Can I get out of my lease due to noisy, rude and disgusting neighbors?

UPDATED: Aug 23, 2012

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Can I get out of my lease due to noisy, rude and disgusting neighbors?

I have been dealing with noisy upstairs neighbors for about 5 months now. We have let the LL know and she says there is nothing that she can do until a police report is filed. Recently their dog started peeing on their balcony which made it all the way down to my balcony and all over my table. We let the LL know and she spoke with her about it I went outside the next morning and my brand new truck was keyed. Is there a way to get out of this lease so we can just move on? The previous occupant agreed with us in front of LL, who was also the investigating policeman for the keying of my truck. In fct, the last tenant moved out for the same problem and he moved to a different apartment.

Asked on August 23, 2012 under Real Estate Law, Oklahoma


FreeAdvice Contributing Attorney / FreeAdvice Contributing Attorney

Answered 10 years ago | Contributor

Assuming you share a common landlord with the neighbors that are making your life difficult, you might be able to break your lease without recourse. The way to do such is to sit down with your landlord and discuss the problems that you are having in that under the laws of all states a landlord is to provide "quiet enjoyment" to a tenant with respect to a rental.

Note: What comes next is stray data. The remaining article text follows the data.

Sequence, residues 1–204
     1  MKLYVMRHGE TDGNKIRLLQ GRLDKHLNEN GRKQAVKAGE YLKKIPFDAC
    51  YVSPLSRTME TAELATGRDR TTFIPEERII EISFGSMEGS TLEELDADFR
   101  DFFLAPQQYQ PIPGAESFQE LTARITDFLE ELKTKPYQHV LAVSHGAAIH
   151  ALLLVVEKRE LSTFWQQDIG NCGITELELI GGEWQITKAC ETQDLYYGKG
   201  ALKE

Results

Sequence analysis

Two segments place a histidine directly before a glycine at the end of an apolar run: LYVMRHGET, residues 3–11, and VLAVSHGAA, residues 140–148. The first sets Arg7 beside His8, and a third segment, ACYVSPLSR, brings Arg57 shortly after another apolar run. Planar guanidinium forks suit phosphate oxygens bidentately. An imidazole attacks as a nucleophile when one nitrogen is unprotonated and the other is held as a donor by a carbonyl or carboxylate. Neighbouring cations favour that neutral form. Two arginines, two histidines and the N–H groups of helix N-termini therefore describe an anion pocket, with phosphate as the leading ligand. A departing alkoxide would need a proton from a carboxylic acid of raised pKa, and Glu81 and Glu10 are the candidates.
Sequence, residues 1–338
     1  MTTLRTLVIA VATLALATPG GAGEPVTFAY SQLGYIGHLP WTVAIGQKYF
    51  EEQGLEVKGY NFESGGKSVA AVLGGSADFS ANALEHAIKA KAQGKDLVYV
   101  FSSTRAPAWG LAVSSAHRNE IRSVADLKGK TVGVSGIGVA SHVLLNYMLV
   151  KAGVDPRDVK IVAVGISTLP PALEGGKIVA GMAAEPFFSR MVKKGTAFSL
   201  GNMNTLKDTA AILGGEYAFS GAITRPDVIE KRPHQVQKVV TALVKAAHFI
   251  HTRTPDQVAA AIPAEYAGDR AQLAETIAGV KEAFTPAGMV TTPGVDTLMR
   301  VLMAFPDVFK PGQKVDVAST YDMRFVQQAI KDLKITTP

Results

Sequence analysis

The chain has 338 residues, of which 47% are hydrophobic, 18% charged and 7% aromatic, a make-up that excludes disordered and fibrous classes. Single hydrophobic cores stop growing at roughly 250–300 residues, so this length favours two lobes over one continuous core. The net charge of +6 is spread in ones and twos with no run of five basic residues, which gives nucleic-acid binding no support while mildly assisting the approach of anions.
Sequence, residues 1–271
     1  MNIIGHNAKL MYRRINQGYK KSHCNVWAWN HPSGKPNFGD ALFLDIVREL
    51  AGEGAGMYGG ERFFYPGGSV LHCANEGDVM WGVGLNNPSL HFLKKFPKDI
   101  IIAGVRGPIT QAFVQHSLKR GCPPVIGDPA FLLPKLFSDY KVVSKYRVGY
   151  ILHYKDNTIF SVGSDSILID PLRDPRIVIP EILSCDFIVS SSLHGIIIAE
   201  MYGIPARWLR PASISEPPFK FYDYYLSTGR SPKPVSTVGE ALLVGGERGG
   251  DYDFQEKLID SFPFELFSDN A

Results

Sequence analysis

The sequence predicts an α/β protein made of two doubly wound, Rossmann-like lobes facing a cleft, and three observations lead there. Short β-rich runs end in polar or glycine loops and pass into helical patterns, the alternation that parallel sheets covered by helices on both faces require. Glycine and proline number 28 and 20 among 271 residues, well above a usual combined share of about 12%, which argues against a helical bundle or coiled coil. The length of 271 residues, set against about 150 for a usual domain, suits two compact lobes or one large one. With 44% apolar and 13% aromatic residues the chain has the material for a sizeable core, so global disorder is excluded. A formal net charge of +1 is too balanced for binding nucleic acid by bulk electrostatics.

The problems that you are experiencing go to "quiet enjoyment" issues. If the landlord will not sign an agreement letting you out of your lease without recourse, you should consult with a landlord tenant attorney to see what your legal recourse is.

IMPORTANT NOTICE: The Answer(s) provided above are for general information only. The attorney providing the answer was not serving as the attorney for the person submitting the question or in any attorney-client relationship with such person. Laws may vary from state to state, and sometimes change. Tiny variations in the facts, or a fact not set forth in a question, often can change a legal outcome or an attorney's conclusion. Although has verified the attorney was admitted to practice law in at least one jurisdiction, he or she may not be authorized to practice law in the jurisdiction referred to in the question, nor is he or she necessarily experienced in the area of the law involved. Unlike the information in the Answer(s) above, upon which you should NOT rely, for personal advice you can rely upon we suggest you retain an attorney to represent you.

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